Due to Nominet’s unusual membership and voting structures, this small group was capable of exerting disproportionate influence and did so to elect Board members who then opposed plans internally. Baroness Fritchie says she understands the pressures that can result from new groups upsetting the status quo. “I was vice-chair of a building society when it went through carpetbagging. We had a few people with different agendas.”
(Quick bit of history: in the 1990s, the rules surrounding building societies in the UK changed to the extent that members of mutual groups stood to gain financially if they decided to change their charter. They then found large number of new members who joined in order to encourage such a change and so reap a resulting windfall.)
The situation is not the same with Nominet, she stresses, “but there are some similarities, and I lived through that experience.”
The issue for Board control also gained the interest of the UK government, which warned Nominet that it was prepared to step in if the organization couldn’t self-regulate. The result, in a number of clauses in the Digital Economy Bill, is that the government now has a number of reserve powers to take over the dot-uk registry if it thinks the situation warrants it.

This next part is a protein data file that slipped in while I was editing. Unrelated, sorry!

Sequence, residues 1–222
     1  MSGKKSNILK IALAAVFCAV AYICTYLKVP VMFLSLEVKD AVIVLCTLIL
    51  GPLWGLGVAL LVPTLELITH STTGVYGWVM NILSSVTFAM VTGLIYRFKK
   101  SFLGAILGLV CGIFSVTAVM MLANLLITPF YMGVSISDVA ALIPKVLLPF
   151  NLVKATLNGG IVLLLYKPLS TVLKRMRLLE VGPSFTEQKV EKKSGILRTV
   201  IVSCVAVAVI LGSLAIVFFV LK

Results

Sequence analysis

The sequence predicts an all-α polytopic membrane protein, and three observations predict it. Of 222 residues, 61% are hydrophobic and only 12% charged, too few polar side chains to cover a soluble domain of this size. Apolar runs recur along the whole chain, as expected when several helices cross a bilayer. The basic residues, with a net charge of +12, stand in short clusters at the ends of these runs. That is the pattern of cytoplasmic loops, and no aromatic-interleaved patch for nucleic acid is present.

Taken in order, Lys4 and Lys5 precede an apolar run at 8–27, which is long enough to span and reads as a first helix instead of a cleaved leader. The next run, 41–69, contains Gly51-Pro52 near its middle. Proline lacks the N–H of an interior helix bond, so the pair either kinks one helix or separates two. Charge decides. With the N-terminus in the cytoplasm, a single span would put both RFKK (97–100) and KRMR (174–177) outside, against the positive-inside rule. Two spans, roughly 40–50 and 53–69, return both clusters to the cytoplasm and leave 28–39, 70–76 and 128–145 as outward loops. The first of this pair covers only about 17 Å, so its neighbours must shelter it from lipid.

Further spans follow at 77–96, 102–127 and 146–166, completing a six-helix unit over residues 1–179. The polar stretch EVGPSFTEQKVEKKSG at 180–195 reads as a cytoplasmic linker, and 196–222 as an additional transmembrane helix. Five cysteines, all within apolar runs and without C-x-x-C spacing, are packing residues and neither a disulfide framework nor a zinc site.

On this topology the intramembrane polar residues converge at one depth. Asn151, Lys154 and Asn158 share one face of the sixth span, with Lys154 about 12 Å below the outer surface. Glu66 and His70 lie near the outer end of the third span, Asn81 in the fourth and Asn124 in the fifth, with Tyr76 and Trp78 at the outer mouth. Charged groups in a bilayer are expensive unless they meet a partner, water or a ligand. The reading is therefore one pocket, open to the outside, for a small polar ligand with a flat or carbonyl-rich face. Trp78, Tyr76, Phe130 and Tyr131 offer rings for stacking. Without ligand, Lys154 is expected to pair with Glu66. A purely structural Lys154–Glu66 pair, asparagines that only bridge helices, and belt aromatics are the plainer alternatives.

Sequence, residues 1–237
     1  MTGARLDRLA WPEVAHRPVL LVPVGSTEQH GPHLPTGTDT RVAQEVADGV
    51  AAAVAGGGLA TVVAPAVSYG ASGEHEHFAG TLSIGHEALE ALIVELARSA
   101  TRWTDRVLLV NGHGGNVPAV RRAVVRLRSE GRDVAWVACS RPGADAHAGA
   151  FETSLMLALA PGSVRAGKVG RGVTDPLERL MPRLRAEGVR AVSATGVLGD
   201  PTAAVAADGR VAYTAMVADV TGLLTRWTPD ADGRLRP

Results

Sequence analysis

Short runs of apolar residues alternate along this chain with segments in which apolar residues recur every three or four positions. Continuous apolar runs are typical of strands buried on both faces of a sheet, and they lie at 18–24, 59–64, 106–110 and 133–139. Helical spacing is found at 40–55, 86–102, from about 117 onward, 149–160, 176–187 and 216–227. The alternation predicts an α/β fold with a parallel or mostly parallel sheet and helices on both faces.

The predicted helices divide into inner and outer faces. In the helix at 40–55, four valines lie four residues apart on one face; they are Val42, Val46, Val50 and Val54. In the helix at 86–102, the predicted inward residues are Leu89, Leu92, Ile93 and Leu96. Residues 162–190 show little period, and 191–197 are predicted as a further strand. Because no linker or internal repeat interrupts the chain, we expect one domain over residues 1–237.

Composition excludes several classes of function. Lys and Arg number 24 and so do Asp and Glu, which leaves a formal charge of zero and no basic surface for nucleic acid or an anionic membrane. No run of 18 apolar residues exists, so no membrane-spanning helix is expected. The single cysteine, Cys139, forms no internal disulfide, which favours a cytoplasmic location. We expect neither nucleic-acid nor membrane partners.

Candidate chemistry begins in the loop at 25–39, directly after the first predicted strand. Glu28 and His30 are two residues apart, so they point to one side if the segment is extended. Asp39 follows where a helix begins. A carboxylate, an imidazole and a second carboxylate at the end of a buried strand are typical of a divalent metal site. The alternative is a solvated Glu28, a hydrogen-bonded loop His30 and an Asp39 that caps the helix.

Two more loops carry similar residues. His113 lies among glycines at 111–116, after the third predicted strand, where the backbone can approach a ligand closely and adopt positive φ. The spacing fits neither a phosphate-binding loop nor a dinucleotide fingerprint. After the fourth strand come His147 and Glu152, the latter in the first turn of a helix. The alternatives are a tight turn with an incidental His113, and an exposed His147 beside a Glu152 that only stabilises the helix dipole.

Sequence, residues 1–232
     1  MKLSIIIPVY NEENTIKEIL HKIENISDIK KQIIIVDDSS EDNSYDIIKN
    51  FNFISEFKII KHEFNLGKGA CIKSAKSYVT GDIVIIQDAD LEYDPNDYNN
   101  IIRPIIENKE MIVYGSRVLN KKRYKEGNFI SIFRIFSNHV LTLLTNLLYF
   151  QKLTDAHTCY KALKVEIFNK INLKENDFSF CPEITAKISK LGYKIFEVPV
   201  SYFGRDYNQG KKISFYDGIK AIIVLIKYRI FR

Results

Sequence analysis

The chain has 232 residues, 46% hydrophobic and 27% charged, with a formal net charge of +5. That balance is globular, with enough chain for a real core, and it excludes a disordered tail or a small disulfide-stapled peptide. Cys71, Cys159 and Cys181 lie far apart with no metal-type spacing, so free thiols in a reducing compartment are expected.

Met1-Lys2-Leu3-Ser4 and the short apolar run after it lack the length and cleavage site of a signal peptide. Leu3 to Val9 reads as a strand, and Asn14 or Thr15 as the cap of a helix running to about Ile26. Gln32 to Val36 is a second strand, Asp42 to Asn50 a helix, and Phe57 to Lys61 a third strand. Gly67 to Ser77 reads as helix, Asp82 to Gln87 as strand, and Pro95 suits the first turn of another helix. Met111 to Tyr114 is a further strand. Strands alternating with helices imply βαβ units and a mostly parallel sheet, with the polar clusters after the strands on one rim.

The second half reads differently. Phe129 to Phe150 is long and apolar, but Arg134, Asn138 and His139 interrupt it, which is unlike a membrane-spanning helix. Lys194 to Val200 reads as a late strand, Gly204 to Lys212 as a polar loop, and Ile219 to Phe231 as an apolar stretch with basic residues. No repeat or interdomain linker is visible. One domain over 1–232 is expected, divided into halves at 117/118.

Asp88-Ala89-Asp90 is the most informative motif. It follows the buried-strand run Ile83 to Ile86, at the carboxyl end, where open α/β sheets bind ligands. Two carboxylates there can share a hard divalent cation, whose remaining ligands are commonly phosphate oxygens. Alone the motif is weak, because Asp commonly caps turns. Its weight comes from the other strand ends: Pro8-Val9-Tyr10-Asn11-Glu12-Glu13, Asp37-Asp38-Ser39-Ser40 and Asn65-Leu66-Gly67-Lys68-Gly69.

Having previously worked as a regulator of government, Baroness Fritchie recognises the importance of that step and is determined to do something about it. “Self-regulation is very important. We have to demonstrate that not only do we have the tools but also that we use them well — and I think Nominet has demonstrated that extremely well to government.”
She doesn’t see the government repealing its new powers though. “Government is keen to have a final determinant. And given the last year of banks and the economy, you can understand why they would want it.”
But, she says, it was the previous Labour government that introduced the powers and so far the Conservative-Liberal coalition government “seems less interested in central control”, adding that she will want to test that hypothesis as well as “be able to influence” how this government views the reserve powers. “Part of the reason I’m here is that I worked as a regulator of government, so I hope to give the government confidence in Nominet,” she says, noting, “but I’m not there for government, I’m there for Nominet.”
As to her likely style as chair, Baroness Fritchie highlights a philosophy of “principled pragmatism” which recognises that “there is always a principle behind the rule”. She also cites the first principle of a doctor's philosophy: “Do no harm.” “I know that an organization is only as good as the people who work for it, and I hope to demonstrate how to get the best we can from them.”
She recognises that the task of guiding Nominet will not be simple or certain, however, describing it as “a bit like navigating by the stars”. The key, says the woman who also authored a book called The Business of Assertiveness, is to “keep a strong heart and a cool head”.
If the past five years of Nominet’s existence are anything to go by, its new chair will need both. ®